To be sure, we need not idealize the past in order to recognize that Fukuyama’s stylization of it serves a specific function: to support his claim that history betrays a directional dynamic from its earliest beginnings and his claim that, as it unfolds, it displays ever more superior civilizational forms. Here, according to Fukuyama, a civilizational form proves itself superior by its survival. And it survives, he argues, because it displays relatively greater instrumental rationality and military technical rationality. But, as Fukuyama himself recognizes, these criteria only acquire general social validity at the dawn of the modern epoch and only in western Europe once capitalism has taken hold:

Men may pursue a thousand and one goals in pre-industrial societies: religion or tradition may dictate that the life of an aristocratic warrior is superior to that of a city merchant; a priest may prescribe the just price for a certain commodity. But a society that lives by such rules will not allocate its resources efficiently, and will therefore not develop economically as fast as one that lives by rational rules (p. 79).

Surely Fukuyama is correct. “A society that lives by such rules will not allocate its resources efficiently.” From this, however, it does not follow that the drive toward efficient resource allocation is a “natural” human attribute. To the contrary, the fact that it took human beings 2.4M years to adopt and impose this criteria on itself (as well as others) could suggest a mechanism other than technical instrumental efficiency.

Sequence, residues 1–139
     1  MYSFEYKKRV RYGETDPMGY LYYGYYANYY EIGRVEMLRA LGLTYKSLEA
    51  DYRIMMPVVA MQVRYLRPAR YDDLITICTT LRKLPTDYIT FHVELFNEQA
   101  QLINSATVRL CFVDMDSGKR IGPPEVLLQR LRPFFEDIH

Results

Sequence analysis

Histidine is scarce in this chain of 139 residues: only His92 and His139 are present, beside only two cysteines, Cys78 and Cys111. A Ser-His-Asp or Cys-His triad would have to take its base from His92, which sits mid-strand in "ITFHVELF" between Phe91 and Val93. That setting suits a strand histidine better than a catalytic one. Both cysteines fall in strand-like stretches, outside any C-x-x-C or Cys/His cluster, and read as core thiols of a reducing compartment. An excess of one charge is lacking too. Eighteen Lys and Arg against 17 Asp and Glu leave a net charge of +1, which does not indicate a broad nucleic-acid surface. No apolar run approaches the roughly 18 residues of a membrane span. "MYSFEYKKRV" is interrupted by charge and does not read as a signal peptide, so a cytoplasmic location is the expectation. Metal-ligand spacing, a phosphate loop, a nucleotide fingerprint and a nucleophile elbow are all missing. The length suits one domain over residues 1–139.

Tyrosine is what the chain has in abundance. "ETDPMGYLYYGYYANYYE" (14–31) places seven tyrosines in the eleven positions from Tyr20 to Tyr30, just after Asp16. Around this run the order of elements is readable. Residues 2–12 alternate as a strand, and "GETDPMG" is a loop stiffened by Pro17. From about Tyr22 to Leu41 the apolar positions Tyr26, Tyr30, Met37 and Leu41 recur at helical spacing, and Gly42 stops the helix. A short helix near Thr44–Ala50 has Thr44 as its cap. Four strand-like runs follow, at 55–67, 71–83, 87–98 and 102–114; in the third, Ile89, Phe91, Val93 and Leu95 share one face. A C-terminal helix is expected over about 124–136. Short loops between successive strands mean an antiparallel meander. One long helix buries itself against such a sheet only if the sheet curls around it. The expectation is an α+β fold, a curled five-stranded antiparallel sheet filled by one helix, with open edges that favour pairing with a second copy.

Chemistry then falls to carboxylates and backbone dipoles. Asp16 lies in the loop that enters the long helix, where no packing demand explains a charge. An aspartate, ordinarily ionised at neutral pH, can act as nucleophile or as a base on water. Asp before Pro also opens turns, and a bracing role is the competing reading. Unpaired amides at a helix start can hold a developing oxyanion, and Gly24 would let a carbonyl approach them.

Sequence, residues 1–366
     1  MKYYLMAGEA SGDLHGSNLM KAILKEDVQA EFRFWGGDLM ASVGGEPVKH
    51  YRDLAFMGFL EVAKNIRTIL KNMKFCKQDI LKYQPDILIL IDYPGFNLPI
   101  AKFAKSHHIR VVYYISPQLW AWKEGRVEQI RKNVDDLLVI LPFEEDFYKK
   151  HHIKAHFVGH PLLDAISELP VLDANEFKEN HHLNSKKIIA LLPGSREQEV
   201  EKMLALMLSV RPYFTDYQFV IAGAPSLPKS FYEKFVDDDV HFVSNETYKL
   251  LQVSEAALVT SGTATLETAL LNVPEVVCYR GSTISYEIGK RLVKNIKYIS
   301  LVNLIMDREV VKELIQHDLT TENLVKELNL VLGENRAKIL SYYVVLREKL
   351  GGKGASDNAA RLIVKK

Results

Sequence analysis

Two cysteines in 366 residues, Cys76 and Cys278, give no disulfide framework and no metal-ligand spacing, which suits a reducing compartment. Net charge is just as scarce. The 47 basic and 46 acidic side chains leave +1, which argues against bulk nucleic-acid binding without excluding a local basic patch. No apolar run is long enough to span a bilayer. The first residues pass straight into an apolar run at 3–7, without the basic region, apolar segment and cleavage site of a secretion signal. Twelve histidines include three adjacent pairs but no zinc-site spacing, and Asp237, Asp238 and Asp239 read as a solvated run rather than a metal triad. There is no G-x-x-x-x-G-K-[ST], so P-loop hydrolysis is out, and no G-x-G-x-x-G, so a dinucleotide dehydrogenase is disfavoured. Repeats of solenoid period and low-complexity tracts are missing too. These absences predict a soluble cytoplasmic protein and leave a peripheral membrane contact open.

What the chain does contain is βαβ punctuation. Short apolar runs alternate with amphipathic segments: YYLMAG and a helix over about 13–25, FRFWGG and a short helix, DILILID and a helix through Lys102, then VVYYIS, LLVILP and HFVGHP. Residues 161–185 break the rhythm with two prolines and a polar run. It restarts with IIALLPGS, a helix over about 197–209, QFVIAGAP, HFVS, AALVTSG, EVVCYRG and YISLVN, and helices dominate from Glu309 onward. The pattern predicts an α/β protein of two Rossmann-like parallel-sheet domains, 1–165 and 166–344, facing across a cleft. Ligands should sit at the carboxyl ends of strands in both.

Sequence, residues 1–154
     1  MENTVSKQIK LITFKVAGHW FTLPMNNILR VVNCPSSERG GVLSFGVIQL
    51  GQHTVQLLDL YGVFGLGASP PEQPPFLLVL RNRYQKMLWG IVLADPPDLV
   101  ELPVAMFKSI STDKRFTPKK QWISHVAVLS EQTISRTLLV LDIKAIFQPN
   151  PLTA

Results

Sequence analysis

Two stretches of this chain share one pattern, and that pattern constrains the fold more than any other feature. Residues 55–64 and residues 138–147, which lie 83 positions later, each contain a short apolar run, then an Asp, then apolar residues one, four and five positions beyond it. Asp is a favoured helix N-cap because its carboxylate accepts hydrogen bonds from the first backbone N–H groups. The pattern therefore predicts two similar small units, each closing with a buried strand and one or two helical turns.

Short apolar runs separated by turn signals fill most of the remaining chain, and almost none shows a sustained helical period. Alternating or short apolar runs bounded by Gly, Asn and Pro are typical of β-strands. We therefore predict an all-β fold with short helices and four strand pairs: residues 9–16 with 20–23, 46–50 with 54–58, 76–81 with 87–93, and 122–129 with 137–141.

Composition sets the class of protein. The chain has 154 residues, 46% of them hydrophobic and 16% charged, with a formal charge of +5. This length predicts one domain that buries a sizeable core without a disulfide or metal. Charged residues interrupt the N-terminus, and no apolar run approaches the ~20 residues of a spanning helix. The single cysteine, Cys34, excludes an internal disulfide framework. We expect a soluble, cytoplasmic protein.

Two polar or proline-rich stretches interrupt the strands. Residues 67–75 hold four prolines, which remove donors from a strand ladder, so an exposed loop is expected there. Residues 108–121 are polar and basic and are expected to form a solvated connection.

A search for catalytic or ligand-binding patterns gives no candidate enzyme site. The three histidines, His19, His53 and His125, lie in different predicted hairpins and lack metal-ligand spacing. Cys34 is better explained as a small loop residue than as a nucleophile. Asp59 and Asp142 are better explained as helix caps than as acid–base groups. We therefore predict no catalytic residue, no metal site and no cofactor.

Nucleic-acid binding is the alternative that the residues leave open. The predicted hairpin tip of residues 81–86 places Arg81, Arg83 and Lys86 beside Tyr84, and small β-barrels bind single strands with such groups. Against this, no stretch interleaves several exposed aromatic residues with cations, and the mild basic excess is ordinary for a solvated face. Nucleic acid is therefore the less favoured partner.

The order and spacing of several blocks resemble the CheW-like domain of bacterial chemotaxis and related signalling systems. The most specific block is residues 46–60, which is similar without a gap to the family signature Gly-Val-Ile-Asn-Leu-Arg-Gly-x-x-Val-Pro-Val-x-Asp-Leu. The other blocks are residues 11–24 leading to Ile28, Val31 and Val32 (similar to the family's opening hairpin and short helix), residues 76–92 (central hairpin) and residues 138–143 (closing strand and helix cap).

Fukuyama’s narrative also serves another function. It diverts both his and our attention away from a more satisfying explanation for the phenomena he is trying to grasp. (And, again, this is not an argument about our respective perspectives. Rather it is an argument about the adequacy of his explanation.)

If Fukuyama draws all of his substantive examples from western Europe from the sixteenth century forwards, this could suggest that we need to look for the mechanism he is searching for not in a transhistorically inflected “science” or “civilizational superiority,” but perhaps in a new regime of practice for which technical-instrumental rationality and efficiency were just then becoming central values.

And, yes, from that point forward, this extraordinarily efficient and productive system quite literally explodes into the rest of the world, undermining and laying waste to all prior “inferior” modes of social, political, and economic mediation, and replacing these with a level of instrumentally rational, technical integration hitherto fore unimaginable.

But, notice: our aim in offering this more satisfying explanation is not to find fault, whether with Fukuyama or with the “West,” or even with capitalism. Rather is our aim to enjoy a better understanding of the phenomena to which both Fukuyama and we are directing our attention, this peculiar dynamic that has led us to “the end of history.”